And then the bushwhack begins. As far as unmaintained trails go, the decommissioned Bachelor Creek Trail starts reasonably, but as we descend, the brush gets thicker and thicker until movement slows to a crawl. Frequently, the trail forks, every fork dead-ending in horrors of slide alder and nettle. We thrash and bash and crash for more than an hour before finding a faint path.

The next section is only generously called a “trail.” The Downey Creek Trail is frequently flagged, but wrong turns abound, and every mile, a new avalanche path has erased the track. The final six miles, we struggle to extricate ourselves from a forest that doesn’t want to let go. We thrash and bash and crash our way through the brush as progress slows to less than one mile an hour, but eventually, we make it to the Bachelor Creek log crossing (4,100’), where Anthony and I rinse some of the forest debris off our skin.

I’d heard that the last mile was the most questionable section. A fire in 2020 closed the trail for a couple of years, and reports indicated that hundreds of downed trees choked the way. I’m ready for the last mile to take an hour, but then we get to a fresh pile of sawdust and a cut log. And another one! And another one! The Forest Service has saved the day! Notches cut in some of the trees allow us to climb over them. It’s not a walk in the park by any means, but so much better than I feared. Two hours after leaving Bachelor Creek we’re back to our car!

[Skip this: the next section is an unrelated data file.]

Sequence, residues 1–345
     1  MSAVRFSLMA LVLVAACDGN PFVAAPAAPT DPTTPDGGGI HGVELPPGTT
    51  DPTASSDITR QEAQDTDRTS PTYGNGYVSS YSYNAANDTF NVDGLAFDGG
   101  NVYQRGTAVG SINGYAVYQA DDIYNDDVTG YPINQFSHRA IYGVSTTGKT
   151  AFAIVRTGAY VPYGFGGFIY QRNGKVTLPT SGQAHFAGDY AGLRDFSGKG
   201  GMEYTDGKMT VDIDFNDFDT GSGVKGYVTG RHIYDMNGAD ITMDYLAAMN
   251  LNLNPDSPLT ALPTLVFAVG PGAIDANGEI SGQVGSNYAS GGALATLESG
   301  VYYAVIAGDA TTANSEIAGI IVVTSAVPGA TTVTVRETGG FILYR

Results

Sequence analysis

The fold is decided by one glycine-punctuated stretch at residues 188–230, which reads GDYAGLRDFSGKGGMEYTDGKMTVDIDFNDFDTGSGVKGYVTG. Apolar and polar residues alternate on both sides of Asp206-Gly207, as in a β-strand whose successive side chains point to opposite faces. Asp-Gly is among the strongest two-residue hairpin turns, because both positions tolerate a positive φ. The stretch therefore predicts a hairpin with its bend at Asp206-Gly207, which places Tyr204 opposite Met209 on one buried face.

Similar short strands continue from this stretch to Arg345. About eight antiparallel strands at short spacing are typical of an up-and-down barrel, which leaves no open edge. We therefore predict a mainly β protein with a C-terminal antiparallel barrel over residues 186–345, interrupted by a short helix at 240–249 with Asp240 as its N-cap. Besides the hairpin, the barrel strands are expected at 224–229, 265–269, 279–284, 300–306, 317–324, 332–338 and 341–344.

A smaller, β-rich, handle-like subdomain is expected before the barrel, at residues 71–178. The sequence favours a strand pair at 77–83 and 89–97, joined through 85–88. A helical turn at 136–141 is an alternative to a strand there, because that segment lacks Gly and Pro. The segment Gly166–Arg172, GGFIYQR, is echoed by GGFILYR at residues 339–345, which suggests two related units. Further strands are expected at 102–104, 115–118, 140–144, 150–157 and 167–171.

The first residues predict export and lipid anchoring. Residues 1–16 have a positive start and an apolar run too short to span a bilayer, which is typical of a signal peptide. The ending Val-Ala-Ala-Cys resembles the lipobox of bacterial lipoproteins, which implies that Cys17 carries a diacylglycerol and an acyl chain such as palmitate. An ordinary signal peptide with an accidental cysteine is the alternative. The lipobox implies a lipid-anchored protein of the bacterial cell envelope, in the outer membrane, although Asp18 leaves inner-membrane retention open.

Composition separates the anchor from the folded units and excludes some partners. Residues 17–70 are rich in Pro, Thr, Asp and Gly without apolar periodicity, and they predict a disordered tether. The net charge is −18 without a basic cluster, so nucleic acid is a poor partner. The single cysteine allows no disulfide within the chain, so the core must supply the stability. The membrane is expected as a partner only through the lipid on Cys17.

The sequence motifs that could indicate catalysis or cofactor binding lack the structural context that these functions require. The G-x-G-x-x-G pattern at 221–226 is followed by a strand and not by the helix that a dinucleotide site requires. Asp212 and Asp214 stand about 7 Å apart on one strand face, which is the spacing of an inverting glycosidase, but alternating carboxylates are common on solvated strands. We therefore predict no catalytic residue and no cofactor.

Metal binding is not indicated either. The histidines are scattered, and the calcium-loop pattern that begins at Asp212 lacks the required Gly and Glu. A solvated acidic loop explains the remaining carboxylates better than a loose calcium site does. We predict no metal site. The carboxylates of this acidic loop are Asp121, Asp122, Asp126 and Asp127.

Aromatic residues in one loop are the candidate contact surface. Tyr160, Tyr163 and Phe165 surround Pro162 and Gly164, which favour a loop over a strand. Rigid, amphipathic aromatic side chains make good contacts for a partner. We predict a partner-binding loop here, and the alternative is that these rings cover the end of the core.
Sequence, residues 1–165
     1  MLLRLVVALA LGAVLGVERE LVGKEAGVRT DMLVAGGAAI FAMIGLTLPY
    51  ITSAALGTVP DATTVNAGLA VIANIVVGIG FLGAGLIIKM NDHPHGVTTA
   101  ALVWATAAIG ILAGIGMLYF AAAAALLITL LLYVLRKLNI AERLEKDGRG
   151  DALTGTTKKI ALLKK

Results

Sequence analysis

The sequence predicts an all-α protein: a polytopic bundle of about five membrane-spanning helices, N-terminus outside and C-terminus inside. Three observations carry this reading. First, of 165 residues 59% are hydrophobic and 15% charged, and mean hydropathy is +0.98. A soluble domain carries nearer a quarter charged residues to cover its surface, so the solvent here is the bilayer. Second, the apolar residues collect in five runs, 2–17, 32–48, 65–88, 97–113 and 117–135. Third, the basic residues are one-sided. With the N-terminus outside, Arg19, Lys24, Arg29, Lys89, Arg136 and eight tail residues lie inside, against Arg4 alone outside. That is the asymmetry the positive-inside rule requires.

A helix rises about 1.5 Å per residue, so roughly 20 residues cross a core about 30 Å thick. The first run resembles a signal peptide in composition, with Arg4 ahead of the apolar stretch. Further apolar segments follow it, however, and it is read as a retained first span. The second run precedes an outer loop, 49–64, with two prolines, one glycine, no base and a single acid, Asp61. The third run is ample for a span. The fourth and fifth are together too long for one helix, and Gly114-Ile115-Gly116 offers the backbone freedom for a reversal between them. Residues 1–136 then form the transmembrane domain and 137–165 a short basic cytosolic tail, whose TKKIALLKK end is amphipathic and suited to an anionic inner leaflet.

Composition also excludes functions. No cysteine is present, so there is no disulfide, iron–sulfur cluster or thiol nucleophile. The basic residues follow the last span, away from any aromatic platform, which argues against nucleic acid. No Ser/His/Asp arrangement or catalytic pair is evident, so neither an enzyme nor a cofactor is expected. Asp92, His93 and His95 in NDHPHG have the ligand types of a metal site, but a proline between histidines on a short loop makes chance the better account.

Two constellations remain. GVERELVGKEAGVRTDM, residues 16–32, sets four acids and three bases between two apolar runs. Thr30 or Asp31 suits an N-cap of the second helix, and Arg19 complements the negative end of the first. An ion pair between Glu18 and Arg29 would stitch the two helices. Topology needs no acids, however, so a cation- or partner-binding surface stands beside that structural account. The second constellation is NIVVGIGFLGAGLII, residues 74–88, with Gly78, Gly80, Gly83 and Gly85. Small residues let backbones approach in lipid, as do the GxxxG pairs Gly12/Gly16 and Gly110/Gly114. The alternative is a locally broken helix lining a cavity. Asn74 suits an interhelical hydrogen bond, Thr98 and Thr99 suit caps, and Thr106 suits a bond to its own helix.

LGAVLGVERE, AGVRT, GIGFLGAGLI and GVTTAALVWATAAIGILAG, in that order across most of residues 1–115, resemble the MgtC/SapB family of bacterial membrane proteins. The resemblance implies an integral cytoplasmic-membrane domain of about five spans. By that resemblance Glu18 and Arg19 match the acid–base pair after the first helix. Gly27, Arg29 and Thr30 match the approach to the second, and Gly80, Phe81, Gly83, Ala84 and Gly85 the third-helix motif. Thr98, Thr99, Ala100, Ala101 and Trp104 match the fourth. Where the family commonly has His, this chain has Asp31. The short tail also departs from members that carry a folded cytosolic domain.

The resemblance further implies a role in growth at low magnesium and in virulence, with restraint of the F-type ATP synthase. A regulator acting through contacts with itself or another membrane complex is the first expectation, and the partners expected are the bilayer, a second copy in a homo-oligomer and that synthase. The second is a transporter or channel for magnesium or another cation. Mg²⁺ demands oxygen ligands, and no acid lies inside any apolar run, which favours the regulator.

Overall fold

We have come full circle—exiting the wilderness, exhausted and exuberant after three days on the Ptarmigan Traverse, which, for me, is unrivaled in Washington State. And you can be sure I’ll be back.

Inspiring a National Park

The Off-Trail Alpine Route, known as the Ptarmigan Traverse, was first completed in July 1938. It took 13 days for the four members of the Ptarmigan Climbing Club to make the journey. Fifteen years passed before a second group navigated the Traverse. This group included the renowned photographer Tom Miller, whose photographs of the stunning scenery were later published by The Mountaineers in a landmark book, North Cascades (ITAL) in 1964. This book played an important role in establishing North Cascades National Park in 1968.

Sunset behind the Buckindy Group. Photo by Wyatt Mullen

Born and raised in Skagit County, WA, Wyatt Mullen is a landscape photographer and science communicator interested in the impacts of climate and weather on alpine regions. He spends much of his time trail running, skiing, and backpacking throughout the greater North Cascades ecosystem. Visit him at wyattmullen.com.

One comment

  1. When did you do this trip? I’m trying to figure out how bad the exit is…